The final draft of the new decree was supposed to be effective as of this academic year. However, due to certain oppositions from the public, it will be applied in the next school year of 2022-2023 if approved by the Government.
Compared to Decree No.86, this final draft divides tuition fees of public universities into multiple levels instead of only two (financial autonomy and financial non-autonomy).
Accordingly, as to public universities that either do not guarantee regular spending or are able to have regular expenditure but do not pass the quality accreditation for a domestic higher education institute, the tuition fees will be regulated differently for 7 training sectors.
For example, the fee of the first sector (education and teacher training) will increase from VND1.25 million (approx. US$54) a month (in the 2021-2022 academic year) VND2.45 million ($106) a month. In the second sector (arts), the increase is from VND1.2 million (($52) to VND1.93 million ($83) per month. In the medical sector, there are two sub sectors of general healthcare and medical-pharmaceutical training, with a rise to VND3 million ($129) and VND3.94 million ($170) a month, respectively.
Regarding public universities that guarantee regular spending and pass the quality accreditation for a domestic higher education institute or those totally financially autonomous but do not pass the quality accreditation for a domestic higher education institute (level 1 autonomy), the maximum tuition fee will be two times as high as the regulated ceiling fee, a double of the current fee.
This means among the 23 level-1 autonomy universities, the new fee will reach at least VND40 million a year ($1,727).
To level-2 autonomous universities (ensuring regular spending and investment and passing the quality accreditation for a domestic higher education institute), the maximum tuition fee will be 2.5 times as high as the regulated ceiling fee.
To level-3 autonomous universities (fully financially autonomous in spending and investment, with the highest-level quality accreditation for a domestic higher education institute or for an international university), the tuition fee is identified by the university itself based on the economic-technical factors, which are clearly explained in the permitted autonomy plan.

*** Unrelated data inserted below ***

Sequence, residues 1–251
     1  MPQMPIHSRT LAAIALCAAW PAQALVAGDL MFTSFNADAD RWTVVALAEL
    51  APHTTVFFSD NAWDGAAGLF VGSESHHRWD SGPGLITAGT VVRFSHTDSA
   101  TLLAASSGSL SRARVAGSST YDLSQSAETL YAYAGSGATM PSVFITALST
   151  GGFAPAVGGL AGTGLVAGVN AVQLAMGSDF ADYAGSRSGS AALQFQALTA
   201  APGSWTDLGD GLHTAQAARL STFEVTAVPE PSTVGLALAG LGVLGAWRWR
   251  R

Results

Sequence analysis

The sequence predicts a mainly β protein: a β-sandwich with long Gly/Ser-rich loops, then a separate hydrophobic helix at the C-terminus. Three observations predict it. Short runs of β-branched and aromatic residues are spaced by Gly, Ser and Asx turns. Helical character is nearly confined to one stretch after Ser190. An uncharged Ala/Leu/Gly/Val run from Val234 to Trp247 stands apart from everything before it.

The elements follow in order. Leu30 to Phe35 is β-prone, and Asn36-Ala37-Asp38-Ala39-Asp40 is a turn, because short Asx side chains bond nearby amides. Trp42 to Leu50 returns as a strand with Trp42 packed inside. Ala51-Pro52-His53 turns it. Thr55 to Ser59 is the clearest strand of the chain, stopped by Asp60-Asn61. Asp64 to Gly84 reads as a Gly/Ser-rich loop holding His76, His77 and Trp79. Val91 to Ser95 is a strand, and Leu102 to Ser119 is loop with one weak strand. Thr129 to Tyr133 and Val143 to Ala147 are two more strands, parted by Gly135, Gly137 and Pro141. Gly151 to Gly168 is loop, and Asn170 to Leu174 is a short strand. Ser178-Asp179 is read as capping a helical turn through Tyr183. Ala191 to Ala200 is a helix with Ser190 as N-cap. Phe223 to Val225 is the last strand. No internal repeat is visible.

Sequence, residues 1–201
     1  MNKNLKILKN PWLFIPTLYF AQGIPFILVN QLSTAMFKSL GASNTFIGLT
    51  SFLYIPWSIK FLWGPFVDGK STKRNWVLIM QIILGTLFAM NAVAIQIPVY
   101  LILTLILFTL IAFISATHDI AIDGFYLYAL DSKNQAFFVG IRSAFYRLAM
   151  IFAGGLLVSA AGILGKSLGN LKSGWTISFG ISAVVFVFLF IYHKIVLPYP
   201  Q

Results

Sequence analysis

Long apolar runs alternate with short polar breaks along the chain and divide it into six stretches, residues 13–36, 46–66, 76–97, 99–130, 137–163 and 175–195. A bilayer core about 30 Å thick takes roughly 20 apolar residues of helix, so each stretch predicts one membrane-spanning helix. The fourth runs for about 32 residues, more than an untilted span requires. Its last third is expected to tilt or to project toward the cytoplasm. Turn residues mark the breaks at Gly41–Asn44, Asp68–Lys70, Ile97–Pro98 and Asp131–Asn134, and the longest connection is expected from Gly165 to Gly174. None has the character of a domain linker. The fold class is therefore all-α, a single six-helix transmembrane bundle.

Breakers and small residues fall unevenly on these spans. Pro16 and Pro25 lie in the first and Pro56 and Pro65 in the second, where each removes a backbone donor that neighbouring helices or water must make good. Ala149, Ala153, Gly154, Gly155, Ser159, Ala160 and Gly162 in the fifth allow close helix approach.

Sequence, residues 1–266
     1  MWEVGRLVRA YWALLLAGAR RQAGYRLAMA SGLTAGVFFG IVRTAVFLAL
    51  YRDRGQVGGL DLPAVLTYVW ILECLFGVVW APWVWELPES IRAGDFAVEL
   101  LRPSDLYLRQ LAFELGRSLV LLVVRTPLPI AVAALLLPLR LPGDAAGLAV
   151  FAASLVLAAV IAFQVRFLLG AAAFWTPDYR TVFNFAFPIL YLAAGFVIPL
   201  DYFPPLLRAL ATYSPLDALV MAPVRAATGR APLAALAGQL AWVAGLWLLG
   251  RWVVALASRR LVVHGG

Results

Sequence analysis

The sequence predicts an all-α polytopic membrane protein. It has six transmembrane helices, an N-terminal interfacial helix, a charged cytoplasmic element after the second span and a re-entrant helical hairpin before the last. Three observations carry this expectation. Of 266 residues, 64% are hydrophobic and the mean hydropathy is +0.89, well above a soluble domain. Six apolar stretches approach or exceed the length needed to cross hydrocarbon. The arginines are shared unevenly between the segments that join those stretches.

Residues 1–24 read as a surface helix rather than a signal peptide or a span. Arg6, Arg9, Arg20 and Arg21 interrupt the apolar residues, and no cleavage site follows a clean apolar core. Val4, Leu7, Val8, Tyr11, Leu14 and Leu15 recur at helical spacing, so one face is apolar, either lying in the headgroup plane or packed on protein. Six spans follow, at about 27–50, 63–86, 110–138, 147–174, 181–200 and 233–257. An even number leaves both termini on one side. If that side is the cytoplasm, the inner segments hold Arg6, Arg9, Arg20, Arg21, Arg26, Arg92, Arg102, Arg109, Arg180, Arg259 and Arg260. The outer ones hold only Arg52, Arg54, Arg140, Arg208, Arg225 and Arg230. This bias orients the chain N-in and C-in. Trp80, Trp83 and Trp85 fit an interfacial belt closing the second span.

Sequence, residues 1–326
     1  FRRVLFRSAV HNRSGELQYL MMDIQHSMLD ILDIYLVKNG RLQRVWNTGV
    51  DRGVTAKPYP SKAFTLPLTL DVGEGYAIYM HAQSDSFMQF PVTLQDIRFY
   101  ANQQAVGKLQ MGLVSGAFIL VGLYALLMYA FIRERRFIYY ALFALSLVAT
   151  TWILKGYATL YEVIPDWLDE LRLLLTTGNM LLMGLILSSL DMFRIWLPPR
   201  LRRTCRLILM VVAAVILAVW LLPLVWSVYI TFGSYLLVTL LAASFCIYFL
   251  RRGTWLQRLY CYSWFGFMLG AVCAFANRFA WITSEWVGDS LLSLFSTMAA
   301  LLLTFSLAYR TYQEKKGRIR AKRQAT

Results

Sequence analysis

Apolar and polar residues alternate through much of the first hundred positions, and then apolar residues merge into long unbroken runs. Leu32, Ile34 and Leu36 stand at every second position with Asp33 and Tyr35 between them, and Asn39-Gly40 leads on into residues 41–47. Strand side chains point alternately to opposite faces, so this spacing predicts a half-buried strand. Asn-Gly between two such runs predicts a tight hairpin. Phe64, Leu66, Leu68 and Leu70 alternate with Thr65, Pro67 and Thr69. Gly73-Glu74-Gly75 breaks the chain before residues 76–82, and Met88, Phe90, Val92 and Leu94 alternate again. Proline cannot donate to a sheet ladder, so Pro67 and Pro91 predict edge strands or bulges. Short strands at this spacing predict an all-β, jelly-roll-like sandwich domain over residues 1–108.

Also self-identified are the tuition fees of any high-quality training programs approved by the Minister of Education and Training and passing the highest-level quality accreditation for a domestic higher education institute or for an international university within 2 years from the first cohort.
The fees of master and doctorate training programs are 1.5 times and 2.5 times as high as the under-graduate ones of the same university respectively.
Obviously, when the new decree comes into effect in 2022, the tuition fee for state-owned higher educational institutions will be at least VND12 million a year ($520). It will reach the minimum of VND19.3 million per year ($830) in 2025.
Autonomous universities that pass the quality accreditation, the fee will be from 2 to 2.5 times as high.
Dr. Hoang Ngoc Vinh from the Consultation Team for the National Committee for Educational Reform in the Period of 2016-2021 explained that university tuition fee must take into account the affordability of the general public and the investment in lecturer salary and quality, educational equipment provision, and curriculum renovation.
Therefore, the community should share financial responsibilities with the Government to maintain training quality.
It is clear that regular spending autonomy among certain higher educational institutions has proved usefulness when the university’s management board becomes more active in seeking resources via conducting practical research, training human resources corresponding to business orders, and receiving sponsors from companies.
Necessarily, each kind of expense and revenue should be publicized to ensure transparency, while finance management should be effective to avoid loss.
At present, the tuition fee for higher education in Vietnam is considered quite low in the region. Therefore, it is impossible both to have global-standard training quality, modern educational equipment, high lecturer salary, and to maintain a low training fee.
On the contrary, with this fee increase, universities are freer to implement new policies, introduce scholarships for the vulnerable, and upgrade their training quality.
The final draft has one new important content related to educational service prices, identified in accordance with the Price Law and the Higher Education Law (effective as of July 1, 2019), as well as guiding documents for implementation
Dr. Vinh shared that the World Bank considers education and training as a part of the service sector. As a result, there should be competitive training prices (taking into account the cost of infrastructure, employee salary, training curriculum and time) among educational institutes for businesses to select.